Few vehicles revolutionized the production and ownership of the automobile as did the Ford Model T. Unlike the hand-built cars that came before it, the “Tin Lizzie”, as it affectionately became known, was the first vehicle to be produced on a conveyor belt assembly line, which Henry Ford installed in the Highland Park plant in 1913. This significantly reduced the costs of production, placing the car’s sale price within the reach of working Americans, and opening the possibility of car ownership to millions.
However, the very first Model T was not built at Highland Park. It was completed – still by hand – at the Piquette Avenue plant in Detroit and would leave that plant on this day, October 1, in 1908. Although the economies of mass assembly would not be realized for another five years, Ford’s revolutionary design and production values still ensured that this would be a car that ordinary people could drive every day.
In addition to Ford’s now famous edict that “any customer can have a car painted any color that he wants so long as it is black”, the Model T’s body was designed to bolt directly onto the chassis as a separate unit, from which it could just as easily be removed. This allowed an astonishing variety of vehicle types, from trucks to tractors, sedans to speedsters, to use the same engine, chassis and drive-train, reducing the number of different parts required to build and repair them. Many Model Ts did not move at all: instead, their rear wheels were jacked off the ground and connected to belt-driven farming and forestry equipment, perfect for the diverse rural Michigan economy.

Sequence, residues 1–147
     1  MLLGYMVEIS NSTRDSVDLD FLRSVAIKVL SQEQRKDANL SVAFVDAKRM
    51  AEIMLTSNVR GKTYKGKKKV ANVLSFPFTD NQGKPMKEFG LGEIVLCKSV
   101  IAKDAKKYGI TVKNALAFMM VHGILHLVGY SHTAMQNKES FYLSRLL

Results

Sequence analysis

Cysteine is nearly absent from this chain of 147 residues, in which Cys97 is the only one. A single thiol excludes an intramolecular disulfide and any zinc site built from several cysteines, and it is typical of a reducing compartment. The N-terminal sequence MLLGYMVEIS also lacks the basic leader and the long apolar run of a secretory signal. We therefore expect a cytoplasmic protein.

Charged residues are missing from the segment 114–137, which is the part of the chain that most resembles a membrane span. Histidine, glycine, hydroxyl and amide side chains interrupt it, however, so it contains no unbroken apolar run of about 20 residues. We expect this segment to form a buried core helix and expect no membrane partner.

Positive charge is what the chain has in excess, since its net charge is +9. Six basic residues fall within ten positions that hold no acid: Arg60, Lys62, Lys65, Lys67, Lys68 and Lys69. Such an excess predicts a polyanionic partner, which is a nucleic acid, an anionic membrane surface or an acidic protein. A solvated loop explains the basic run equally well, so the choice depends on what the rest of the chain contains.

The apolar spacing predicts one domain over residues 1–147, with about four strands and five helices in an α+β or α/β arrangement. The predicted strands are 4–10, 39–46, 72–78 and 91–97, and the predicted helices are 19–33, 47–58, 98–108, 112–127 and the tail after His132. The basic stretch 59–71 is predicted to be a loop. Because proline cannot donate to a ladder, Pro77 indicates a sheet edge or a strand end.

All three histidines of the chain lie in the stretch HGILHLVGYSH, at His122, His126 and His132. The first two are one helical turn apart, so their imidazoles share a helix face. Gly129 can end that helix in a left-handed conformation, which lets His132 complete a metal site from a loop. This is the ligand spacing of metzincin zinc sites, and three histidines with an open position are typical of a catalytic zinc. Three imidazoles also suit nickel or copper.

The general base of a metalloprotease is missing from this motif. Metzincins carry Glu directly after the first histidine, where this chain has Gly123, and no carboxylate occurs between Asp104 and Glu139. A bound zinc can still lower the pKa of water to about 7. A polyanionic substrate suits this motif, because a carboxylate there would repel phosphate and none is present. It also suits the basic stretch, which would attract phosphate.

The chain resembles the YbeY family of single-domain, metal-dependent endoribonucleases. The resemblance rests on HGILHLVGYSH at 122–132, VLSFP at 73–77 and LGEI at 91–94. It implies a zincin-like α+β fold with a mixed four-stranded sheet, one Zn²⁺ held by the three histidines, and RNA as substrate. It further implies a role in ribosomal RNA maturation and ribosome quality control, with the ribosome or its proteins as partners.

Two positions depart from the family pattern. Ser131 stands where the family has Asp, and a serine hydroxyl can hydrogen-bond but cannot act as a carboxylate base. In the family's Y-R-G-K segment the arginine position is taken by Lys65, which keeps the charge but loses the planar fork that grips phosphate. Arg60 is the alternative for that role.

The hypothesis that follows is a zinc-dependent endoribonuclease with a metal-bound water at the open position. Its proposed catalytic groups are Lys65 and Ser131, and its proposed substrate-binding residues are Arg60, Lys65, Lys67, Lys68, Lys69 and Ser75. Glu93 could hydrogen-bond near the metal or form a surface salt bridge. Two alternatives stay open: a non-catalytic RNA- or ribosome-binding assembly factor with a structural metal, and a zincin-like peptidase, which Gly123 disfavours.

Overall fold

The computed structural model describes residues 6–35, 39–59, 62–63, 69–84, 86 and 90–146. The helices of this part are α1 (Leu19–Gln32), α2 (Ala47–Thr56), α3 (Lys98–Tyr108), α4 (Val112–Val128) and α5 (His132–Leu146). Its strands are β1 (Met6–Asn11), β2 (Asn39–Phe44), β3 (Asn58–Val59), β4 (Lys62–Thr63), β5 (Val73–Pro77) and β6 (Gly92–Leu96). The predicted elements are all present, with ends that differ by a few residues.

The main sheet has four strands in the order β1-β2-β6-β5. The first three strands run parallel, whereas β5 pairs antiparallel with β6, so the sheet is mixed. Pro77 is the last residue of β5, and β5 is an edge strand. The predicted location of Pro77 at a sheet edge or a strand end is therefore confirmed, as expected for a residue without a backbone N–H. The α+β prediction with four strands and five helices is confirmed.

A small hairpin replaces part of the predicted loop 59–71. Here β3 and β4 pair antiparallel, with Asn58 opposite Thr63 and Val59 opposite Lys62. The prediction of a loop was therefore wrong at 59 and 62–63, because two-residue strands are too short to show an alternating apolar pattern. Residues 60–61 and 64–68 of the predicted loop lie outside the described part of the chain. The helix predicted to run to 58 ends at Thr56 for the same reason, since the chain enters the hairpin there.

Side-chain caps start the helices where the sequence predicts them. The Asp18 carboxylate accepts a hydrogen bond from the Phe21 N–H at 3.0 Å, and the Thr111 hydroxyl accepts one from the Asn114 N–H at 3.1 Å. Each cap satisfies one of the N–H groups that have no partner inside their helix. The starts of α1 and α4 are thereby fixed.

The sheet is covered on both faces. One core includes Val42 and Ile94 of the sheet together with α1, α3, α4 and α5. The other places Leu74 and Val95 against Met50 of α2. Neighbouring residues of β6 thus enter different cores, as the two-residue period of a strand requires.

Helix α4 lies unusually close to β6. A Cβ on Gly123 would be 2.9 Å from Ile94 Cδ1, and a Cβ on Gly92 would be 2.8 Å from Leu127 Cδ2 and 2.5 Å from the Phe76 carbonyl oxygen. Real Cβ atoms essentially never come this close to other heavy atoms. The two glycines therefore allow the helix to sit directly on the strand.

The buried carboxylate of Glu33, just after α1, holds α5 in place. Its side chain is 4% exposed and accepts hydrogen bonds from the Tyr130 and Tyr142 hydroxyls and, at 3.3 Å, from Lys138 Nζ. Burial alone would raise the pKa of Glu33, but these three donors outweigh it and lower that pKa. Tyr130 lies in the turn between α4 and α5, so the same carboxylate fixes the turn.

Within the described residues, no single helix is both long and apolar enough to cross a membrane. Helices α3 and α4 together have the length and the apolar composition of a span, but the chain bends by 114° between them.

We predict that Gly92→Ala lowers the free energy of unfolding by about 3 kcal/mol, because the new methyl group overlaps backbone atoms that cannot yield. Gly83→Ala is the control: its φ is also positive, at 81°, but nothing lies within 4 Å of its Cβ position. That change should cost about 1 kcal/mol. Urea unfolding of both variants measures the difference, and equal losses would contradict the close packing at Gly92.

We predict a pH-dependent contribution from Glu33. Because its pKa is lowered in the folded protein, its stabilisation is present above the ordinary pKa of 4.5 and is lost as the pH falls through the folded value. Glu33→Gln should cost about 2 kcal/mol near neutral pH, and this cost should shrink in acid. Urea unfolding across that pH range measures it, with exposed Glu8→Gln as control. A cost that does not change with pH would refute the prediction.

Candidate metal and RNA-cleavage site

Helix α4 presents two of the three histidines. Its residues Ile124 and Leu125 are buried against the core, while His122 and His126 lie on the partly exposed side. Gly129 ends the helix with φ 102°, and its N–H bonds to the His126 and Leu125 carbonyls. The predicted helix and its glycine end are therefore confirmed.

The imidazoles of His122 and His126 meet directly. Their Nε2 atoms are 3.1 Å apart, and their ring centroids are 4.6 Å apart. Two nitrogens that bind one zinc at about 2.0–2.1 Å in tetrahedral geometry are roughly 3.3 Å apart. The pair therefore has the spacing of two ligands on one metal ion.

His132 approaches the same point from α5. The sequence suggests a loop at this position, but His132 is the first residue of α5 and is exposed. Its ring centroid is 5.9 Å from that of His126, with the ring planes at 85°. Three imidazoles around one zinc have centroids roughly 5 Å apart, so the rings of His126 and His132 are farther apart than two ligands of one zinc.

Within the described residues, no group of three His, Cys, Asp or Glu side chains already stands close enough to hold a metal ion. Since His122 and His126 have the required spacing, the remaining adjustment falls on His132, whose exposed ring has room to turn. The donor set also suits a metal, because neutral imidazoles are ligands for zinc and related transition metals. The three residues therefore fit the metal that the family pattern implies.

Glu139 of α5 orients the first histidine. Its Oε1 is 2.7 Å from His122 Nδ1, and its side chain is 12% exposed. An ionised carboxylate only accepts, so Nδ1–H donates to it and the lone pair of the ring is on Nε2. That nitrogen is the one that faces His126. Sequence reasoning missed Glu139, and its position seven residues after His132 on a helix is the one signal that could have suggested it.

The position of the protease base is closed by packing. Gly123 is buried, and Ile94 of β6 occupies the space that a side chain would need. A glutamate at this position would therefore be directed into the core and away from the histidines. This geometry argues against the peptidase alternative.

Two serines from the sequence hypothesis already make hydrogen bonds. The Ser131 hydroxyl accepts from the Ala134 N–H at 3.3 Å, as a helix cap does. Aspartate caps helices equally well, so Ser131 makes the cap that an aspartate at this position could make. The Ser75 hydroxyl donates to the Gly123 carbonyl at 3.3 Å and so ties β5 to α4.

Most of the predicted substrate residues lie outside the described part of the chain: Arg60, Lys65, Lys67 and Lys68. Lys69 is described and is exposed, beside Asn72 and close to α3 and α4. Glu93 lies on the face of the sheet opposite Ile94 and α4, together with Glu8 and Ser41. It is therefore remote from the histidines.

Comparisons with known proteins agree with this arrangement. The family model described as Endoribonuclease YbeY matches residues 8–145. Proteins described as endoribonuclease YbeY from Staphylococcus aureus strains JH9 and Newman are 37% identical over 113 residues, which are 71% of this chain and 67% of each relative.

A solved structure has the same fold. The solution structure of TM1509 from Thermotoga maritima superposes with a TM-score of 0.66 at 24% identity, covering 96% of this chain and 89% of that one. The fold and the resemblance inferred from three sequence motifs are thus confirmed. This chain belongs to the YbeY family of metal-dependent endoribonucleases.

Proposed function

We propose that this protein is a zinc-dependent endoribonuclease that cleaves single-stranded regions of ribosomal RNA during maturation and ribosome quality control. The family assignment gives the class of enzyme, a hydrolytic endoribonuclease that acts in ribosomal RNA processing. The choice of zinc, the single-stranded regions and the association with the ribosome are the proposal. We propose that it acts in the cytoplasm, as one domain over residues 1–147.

Time would eventually overtake the design and by the end of the Roaring Twenties, in keeping with the increased demand for luxury and sophistication of the times, car buyers wanted more than a workaday vehicle. Sales of the venerable Tin Lizzie declined, and the last one was driven off the Highland Park assembly line by Ford and his son, Edsel, on May 26, 1927.
The spirit of the Model T lives on in the four main owners clubs with chapters all around America and throughout the world, which preserve and restore Tin Lizzies using steel parts that are still manufactured by enthusiasts today. The Model T Ford Club of America has a Michigan chapter, the Piquette Ts, which rescued the original Piquette Avenue birthplace of the Ford Model T and now maintains it as a museum.
The ultimate Tin Lizzie experience, however, is at Greenfield Village, a part of the Henry Ford Museum complex in Dearborn. From April through November, you can ride in one of a stable of beautifully restored Model Ts, skillfully maneuvered by a knowledgeable and enthusiastic driver, past the very farmhouse where Henry Ford was born in 1863. Admission to the Village is $24 for adults, $17 for children, and an unlimited daily ride pass is just $14. Next door to the Village, in the Henry Ford Museum itself, are more Model Ts on display, including one that has been ‘exploded’ with its pieces suspended on wires, so you can see exactly how it was put together.
So today take a look out into your driveway and raise a glass to the car that started it all, the Ford Model T.
Happy Birthday, Tin Lizzie!
Anthony Rodgers, Associate Editor